Posted in Movies/ Tv, Quiet Stories, Video Content

What I Learned as a YouTuber

When I was in my second year of high school, I decided I’d take a break from trying to become an author. I decided I wanted a new avenue for telling stories. I realized that I wanted to make YouTube videos.

I got a camera and bought some editing software. I made a few videos sporadically over the following months. Every single one of them looked horrendous, were hard to hear and were edited incredibly poorly. They also focused on some pretty crass topics, most often toilet humor.

The following year, at the age of 15, I decided to take this seriously, and actually give it my all. I got an iPod Touch for Christmas and started shooting videos with it, learning how to frame shots well and take advantage of different lighting. Using a mixture of Power Point and iMovie I also learned how to cut footage precisely and add in all manner of effects. For the most part I produced corny comedic shorts like this…

I mean yeah it was still pretty rubbish, but I was proud of it at the time. I posted other things too, like; Let’s Play’s, Gaming News and Vlog’s about more serious topics like bullying. I got pretty good at keeping to my schedule and within the space of a year I was one of the top 150 most subscribed YouTube creators in my country… which shows how small New Zealand is, considering it was 2012 and I only had 3500 followers.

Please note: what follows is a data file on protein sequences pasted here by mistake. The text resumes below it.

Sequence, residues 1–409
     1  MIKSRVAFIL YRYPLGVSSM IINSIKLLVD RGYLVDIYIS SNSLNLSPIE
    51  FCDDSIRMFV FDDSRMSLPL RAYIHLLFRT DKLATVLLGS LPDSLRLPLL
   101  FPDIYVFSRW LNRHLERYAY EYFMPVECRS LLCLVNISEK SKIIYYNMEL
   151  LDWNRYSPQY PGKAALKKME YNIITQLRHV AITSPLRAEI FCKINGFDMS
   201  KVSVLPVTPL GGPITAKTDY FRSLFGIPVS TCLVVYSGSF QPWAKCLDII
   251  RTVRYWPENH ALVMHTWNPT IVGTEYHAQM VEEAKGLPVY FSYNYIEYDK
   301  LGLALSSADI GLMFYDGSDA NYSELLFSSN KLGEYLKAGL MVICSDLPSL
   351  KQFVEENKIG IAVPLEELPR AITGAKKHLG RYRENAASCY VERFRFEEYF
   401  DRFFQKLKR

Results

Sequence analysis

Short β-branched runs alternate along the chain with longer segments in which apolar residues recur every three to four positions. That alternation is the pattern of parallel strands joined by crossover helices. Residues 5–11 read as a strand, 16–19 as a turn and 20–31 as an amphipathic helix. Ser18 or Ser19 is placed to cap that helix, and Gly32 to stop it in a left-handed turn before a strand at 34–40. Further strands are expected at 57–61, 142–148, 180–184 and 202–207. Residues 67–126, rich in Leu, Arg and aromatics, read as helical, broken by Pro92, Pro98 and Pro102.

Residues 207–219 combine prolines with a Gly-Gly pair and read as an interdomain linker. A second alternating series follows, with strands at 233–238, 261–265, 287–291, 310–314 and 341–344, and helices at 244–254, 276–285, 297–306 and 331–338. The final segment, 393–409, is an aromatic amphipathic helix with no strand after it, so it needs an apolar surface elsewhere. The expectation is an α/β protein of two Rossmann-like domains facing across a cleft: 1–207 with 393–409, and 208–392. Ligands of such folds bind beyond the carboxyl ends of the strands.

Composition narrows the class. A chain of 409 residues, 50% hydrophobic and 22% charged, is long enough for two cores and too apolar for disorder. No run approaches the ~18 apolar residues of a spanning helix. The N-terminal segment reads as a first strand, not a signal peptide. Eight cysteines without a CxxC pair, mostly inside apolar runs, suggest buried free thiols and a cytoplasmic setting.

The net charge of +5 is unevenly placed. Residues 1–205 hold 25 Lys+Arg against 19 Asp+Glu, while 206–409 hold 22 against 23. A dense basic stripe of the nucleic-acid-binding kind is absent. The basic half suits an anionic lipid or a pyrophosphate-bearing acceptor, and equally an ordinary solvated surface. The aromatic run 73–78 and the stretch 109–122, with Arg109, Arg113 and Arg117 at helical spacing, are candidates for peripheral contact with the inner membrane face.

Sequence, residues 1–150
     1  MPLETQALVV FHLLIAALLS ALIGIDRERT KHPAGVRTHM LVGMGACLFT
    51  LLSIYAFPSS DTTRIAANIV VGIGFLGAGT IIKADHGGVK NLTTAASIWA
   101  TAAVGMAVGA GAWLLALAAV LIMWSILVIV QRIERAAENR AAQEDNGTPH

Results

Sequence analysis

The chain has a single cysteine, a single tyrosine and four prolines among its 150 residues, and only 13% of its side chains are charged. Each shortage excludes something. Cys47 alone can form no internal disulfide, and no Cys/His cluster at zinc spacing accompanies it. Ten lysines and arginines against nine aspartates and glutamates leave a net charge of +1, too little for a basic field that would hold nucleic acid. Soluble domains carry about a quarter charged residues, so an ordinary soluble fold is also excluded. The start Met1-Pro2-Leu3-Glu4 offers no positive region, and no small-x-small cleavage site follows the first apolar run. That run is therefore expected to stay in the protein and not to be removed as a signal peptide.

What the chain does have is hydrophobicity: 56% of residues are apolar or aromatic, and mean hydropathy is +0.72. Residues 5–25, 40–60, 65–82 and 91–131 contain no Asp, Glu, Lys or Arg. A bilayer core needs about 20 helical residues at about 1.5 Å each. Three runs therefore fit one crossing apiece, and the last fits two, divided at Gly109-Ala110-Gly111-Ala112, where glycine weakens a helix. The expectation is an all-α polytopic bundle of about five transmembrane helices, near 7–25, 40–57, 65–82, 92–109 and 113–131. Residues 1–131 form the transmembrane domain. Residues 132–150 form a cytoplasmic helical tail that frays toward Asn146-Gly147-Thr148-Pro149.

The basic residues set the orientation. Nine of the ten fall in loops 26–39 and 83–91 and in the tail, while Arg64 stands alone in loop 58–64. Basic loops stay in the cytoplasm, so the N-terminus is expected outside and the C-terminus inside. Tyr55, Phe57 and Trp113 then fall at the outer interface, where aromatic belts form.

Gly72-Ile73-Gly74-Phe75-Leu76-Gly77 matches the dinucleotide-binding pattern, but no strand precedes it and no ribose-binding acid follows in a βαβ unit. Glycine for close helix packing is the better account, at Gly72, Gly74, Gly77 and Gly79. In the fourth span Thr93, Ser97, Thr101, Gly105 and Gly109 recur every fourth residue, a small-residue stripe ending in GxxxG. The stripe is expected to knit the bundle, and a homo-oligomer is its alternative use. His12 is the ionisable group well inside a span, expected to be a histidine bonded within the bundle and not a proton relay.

Anyway as a 15/16 year old, gaining 1000’s of views a week and dozens of fan messages, I became pretty arrogant. I can fully admit it. It went to my head. And then just as soon as I’d found this petty level of fame, I lost it. I had my channel and all my videos deleted, after using too much copyrighted content in my skits. It might seem immature, but as a 16 year old, to amass such a following, and then lose it, was soul destroying.

I tried for quite a long time to build myself back up, but never re-found the passion I’d once had. I made animations…

 

and reviewed video games…

 

and directed short films…

 

But by the time I finished high school I’d accepted this wasn’t going to be my career, and by the end of university I was posting content that I’d made half halfheartedly for just half a dozen views.

I guess I wanted to share this little glimpse into what I wanted to be for a time, just to say, it’s good to fail. It’s good to build something up, find some success, and then have it all ripped out from underneath you. ESPECIALLY when you’re young, and the repercussions are not so monumental.

For a long time YouTube was my future. Now I look back on the crude amateur productions I used to care so much about, and remember how easy it is to lose whatever “fame” you have. So no matter how big YOU think you are, maintain a little humility.

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